“It has always been very important to me that my debut album marks the point in my life where I’ve found myself, sonically. It’s where I’ve defined my feeling, my aesthetic, my energy. Those things have aligned in a way where it feels like a complete package. Everything I’ve done thus far has been leading up to this album. DEADGIRL was all about rebirth and self-growth and this is the result of me coming out the other end. DEADGIRL felt like I was walking a tightrope, but now it feels like I’ve got a harness and [a safety net]. It feels like a full-circle moment. People have said that FSU is a new sound for me, and I’d totally agree. I’ve been focusing on finding that new sound and embracing different possibilities for my voice: I’m singing, I’m whispering, I’m screaming, I’m drawing from the full palette. I’ve now got the skillset to deliver all the things I’ve always wanted to.”

What has changed in the time since the DEADGIRL mixtape in late 2022?
“Things just make more sense to me now. It all flows more easily. I don’t question myself. I know what I need to do. And I’ve got a great team of people to work with. That makes the whole creative process so much easier and more fruitful. I’ve learned to [hand over responsibility] a little more. Previously, my drummer and I were mixing the album and mastering the songs. But handing that job over to Owen Claxton in Sheffield, for instance, has added the extra 10 per cent that the songs were lacking. I’ve learned that you have to be collaborative and open – while keeping control – for other people to bring their [best]. I’ve been working with the guitarist/producer Kenny Graves in LA. And I’ve got a song with MorgothBeatz that we started all the way back in 2019. There are a few other very special features on the album, but I can’t Say much about them yet. Just that they’re goood…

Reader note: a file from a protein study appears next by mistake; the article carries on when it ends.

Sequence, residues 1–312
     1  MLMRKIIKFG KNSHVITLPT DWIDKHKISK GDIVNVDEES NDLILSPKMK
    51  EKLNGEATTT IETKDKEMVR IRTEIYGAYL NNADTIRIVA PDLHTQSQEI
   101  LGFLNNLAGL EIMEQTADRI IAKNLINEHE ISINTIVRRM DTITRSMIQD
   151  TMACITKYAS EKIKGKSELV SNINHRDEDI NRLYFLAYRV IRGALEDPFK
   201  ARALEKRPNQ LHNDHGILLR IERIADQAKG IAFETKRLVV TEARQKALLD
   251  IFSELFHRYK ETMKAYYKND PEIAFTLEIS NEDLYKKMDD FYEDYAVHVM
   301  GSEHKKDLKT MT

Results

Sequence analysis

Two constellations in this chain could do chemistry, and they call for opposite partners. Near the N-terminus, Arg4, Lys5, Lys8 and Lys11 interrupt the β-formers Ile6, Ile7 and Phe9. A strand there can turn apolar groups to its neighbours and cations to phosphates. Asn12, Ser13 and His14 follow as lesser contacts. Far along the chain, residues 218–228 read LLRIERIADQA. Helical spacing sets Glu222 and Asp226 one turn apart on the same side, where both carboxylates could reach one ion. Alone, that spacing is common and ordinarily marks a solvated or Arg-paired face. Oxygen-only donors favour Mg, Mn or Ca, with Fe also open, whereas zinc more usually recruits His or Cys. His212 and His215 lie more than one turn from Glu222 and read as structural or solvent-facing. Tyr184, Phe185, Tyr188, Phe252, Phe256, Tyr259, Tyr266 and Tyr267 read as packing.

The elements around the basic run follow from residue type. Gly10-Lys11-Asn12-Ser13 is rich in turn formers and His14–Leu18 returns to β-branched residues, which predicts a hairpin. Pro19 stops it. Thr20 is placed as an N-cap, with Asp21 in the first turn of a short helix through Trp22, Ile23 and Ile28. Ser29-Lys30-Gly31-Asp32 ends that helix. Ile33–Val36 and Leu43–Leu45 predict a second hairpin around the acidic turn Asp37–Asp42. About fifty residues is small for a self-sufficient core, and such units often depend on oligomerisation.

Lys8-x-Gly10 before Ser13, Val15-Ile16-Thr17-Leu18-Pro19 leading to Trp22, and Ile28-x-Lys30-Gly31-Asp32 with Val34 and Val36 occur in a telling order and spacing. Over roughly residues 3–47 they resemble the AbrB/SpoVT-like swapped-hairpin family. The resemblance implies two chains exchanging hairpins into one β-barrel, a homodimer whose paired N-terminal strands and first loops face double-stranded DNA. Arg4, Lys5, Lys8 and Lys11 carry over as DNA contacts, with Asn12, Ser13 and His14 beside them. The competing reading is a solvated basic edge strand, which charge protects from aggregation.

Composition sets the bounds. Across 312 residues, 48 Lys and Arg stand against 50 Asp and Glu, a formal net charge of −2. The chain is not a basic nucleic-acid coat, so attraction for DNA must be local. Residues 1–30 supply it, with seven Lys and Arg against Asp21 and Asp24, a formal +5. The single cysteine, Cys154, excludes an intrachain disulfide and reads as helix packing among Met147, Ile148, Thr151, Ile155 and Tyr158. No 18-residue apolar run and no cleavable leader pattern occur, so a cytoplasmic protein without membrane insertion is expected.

You posted pictures in New York late last year and posted pictures of a private jet last week – has working on these collaborations made your life even more jet-set?
“I’ve been networking! A lot of the connections I’ve made with people have been online. In a lot of cases, we had talked about meeting up to work together, but then COVID hit. After COVID, I was super-busy on tour with bands like Frank Carter and Combichrist. There were festivals, record releases and I never really had the chance to properly get together with anyone. But at the start of this year I was like, ‘Fuck it!’ and booked travel to go and meet people. My intuition never fails, and I had the best time – as well as some really genuinely profound conversations. I was in New York for a week, Los Angeles for two and a half, then Seattle for a week.”

Having already been so shaped by coming from Berlin and living in London, what impact has being out in those big American cities had on your music?